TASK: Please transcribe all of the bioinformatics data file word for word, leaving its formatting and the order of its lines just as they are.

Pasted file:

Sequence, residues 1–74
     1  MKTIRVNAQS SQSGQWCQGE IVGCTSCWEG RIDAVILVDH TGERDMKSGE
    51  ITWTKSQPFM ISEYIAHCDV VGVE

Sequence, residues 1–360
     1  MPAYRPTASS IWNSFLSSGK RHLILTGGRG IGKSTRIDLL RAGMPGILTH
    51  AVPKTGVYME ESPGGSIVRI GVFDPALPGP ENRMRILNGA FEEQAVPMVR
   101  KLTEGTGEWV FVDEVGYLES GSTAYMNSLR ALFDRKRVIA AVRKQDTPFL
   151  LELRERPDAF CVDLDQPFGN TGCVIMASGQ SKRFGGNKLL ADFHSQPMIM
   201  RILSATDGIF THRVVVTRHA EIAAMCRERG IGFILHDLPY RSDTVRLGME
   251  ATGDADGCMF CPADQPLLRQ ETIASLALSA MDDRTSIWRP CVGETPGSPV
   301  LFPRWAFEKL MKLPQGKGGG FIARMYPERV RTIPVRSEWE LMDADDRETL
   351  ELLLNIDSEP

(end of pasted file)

Sequence, residues 1–74
     1  MKTIRVNAQS SQSGQWCQGE IVGCTSCWEG RIDAVILVDH TGERDMKSGE
    51  ITWTKSQPFM ISEYIAHCDV VGVE

Sequence, residues 1–360
     1  MPAYRPTASS IWNSFLSSGK RHLILTGGRG IGKSTRIDLL RAGMPGILTH
    51  AVPKTGVYME ESPGGSIVRI GVFDPALPGP ENRMRILNGA FEEQAVPMVR
   101  KLTEGTGEWV FVDEVGYLES GSTAYMNSLR ALFDRKRVIA AVRKQDTPFL
   151  LELRERPDAF CVDLDQPFGN TGCVIMASGQ SKRFGGNKLL ADFHSQPMIM
   201  RILSATDGIF THRVVVTRHA EIAAMCRERG IGFILHDLPY RSDTVRLGME
   251  ATGDADGCMF CPADQPLLRQ ETIASLALSA MDDRTSIWRP CVGETPGSPV
   301  LFPRWAFEKL MKLPQGKGGG FIARMYPERV RTIPVRSEWE LMDADDRETL
   351  ELLLNIDSEP